But how many ever make that hour-long trek past seemingly endless cane fields to Belle Glade?

Tuesday, former President Bill Clinton did. And by the accounts we can find, he might very well have been the first since Herbert Hoover drove through on the way to dedicate the Herbert Hoover dike at a ceremony on Lake Okeechobee in Clewiston. That was 1961.

Clinton didn’t just drive through. He stopped.

Clinton makes history in Belle Glade (Damon Higgins / Palm Beach Post))
Clinton makes history in Belle Glade (Damon Higgins / Palm Beach Post))

The former two-term president didn’t come to Palm Beach State College’s Belle Glade campus to look back on accomplishments from his administration but to urge the voters of The Glades to put his wife in that esteemed office.

They cheered all the way.

Palm Beach County School Board member Marcia Andrews, who represents the region, was giddy even five hours later.

“I was just so excited, I’ve not calmed down. We talked about it all day. I spoke to the mayor (Steve Wilson) as they were setting up. He was the first president to come to Belle Glade and we wanted all the community to be out there to see history. It was history today.”

School Board member Marcia Andrews (right) serves up some BBQ after Clinton's visit Tuesday. (Sonja Isger / The Palm Beach Post)
School Board member Marcia Andrews (right) serves up some BBQ after Clinton’s visit Tuesday. (Sonja Isger / The Palm Beach Post)

Andrews credited Clinton’s appearance to the work of local elected officials from Belle Glade Mayor Steve Wilson to County Commissioner Melissa McKinlay to U.S. Rep. Alcee Hastings and state Sen. Joseph Abruzzo – who also organized the parking lot barbecue that followed.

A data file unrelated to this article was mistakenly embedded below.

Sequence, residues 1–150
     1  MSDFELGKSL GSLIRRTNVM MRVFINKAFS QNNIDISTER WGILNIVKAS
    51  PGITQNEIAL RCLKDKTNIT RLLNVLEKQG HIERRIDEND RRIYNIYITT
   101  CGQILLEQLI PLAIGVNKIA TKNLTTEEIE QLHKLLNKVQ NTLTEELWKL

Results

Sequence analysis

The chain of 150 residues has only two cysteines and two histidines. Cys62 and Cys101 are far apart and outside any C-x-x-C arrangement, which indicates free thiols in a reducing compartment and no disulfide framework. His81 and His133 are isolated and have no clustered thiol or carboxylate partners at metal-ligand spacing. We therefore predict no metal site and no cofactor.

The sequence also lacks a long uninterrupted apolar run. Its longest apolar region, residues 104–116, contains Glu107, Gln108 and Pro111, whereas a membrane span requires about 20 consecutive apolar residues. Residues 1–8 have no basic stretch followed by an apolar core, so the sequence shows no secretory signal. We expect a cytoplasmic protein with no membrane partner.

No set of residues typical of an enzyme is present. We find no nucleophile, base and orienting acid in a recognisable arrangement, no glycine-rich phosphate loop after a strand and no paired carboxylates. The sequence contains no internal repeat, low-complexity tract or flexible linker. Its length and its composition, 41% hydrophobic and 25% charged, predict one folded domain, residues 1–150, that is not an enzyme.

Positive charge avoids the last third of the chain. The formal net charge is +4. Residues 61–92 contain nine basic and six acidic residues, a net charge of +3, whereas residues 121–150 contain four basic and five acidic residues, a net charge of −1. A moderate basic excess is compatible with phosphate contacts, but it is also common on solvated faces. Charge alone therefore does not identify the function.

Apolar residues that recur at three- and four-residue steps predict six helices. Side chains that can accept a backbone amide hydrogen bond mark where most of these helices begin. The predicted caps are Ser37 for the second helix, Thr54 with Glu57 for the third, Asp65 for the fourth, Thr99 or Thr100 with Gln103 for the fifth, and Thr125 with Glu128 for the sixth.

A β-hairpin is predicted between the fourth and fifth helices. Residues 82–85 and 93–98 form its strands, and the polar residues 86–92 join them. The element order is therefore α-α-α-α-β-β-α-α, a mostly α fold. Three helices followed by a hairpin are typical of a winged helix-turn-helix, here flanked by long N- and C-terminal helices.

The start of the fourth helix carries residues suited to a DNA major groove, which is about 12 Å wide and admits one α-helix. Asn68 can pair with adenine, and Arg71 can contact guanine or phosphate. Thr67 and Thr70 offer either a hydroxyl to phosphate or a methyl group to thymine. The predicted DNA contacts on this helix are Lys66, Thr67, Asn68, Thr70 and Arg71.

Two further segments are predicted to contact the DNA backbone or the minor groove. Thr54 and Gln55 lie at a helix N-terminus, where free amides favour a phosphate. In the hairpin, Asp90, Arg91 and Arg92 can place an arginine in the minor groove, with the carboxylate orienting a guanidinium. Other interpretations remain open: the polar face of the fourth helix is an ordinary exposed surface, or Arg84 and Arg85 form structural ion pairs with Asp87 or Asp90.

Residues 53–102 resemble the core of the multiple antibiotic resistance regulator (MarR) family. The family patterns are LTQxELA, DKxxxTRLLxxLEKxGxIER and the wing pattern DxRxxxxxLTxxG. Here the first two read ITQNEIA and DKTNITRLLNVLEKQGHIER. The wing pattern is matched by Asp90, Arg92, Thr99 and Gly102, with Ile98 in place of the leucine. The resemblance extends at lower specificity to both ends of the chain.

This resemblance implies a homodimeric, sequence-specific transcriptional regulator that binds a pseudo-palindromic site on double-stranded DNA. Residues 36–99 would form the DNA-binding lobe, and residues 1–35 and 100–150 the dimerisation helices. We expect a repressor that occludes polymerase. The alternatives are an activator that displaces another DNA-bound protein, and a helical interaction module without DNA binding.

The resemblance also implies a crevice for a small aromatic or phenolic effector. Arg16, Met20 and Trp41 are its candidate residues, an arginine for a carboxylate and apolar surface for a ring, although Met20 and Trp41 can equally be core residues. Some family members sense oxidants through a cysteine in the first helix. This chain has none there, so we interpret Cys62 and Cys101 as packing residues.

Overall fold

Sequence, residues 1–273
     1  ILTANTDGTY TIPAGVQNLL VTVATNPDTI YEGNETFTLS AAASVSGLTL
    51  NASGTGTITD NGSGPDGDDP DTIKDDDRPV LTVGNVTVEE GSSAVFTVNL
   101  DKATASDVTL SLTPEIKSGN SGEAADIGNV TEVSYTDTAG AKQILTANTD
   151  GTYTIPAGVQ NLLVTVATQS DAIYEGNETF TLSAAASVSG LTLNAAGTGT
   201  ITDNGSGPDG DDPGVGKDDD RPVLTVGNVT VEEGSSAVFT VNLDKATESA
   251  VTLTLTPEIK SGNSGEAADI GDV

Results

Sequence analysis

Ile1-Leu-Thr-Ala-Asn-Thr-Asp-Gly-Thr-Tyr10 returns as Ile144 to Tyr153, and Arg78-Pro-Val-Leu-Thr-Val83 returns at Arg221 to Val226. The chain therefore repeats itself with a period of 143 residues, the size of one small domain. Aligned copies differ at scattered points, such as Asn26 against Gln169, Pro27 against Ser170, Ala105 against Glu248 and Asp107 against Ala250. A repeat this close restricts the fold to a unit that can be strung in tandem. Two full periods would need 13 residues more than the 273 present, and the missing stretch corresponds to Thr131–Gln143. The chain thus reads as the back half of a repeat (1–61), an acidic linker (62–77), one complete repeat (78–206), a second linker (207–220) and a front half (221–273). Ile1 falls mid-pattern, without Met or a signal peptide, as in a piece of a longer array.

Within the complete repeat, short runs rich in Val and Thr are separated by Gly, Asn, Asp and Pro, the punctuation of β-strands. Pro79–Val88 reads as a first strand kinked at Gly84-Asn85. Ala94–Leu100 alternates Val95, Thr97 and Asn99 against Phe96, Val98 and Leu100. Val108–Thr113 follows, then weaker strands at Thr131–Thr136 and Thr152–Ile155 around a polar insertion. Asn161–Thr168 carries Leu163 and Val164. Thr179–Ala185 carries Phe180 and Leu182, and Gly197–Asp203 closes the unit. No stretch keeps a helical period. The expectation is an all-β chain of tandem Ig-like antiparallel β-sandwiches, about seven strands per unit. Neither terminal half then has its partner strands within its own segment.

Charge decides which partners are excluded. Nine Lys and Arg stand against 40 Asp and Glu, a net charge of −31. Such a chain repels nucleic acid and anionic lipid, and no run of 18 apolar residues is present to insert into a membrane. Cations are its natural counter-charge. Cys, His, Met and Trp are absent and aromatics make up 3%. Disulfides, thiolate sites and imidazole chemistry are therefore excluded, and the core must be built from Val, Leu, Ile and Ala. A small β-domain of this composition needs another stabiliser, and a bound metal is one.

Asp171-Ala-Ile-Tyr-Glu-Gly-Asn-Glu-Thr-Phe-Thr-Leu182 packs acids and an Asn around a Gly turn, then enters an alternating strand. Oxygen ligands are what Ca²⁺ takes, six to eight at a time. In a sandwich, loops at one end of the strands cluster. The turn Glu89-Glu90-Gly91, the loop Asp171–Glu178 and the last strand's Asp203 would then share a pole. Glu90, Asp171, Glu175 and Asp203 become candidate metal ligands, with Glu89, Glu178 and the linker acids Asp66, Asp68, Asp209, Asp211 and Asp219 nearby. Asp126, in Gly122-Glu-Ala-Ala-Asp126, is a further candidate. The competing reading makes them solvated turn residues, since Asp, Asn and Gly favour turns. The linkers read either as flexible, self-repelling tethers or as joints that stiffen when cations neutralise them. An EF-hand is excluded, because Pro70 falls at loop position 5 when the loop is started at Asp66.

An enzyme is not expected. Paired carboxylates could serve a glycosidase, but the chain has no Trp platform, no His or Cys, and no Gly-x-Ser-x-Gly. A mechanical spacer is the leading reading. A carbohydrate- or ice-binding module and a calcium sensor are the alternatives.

“Alcee said he’d made it a special point to work with Bill Clinton to say, ‘We can’t just go back to Boca Raton and West Palm Beach,” Andrews said. “We wanted to let people know their voices are going to be heard.”

Gwendolyn and Marvin Davis closed their flower shop to stand in line with more than 300 others just for a shot at seeing the silver-haired statesman.

The multiplying enthusiasts and the rather snug venue didn’t bother Gwen, 53, “It’s always better to have too many, than not enough,” she said of the crowd.

(Damon Higgins / The Palm Beach Post)
(Damon Higgins / The Palm Beach Post)

Both grew up here and neither remembers ever seeing another President in the town where soil is her fortune – and poverty is too often her residents’ plight.

Marvin, 61, thinks maybe Kennedy whisked through once.

“It was like a drive-through. He didn’t stop. It was a motorcade.”

And he also remembers a rally for Hubert Humphrey at Glades Central High back in the late ‘60s — but then Humphrey never landed that office.

Sisters Rose Golden and Sandra Walker were so eager to meet Clinton, they arrived more than an hour ahead of schedule to be among the first in line. Both in their early 50s, they said they sped to planning when a friend texted Clinton was coming.

Said Sandra: “I can’t remember a president — never here.”

 The dedication of the Herbert Hoover Dike in January 12, 1961. (Dick Heseler / The Palm Beach Post)
The dedication of the Herbert Hoover Dike in January 12, 1961. (Dick Heseler / The Palm Beach Post)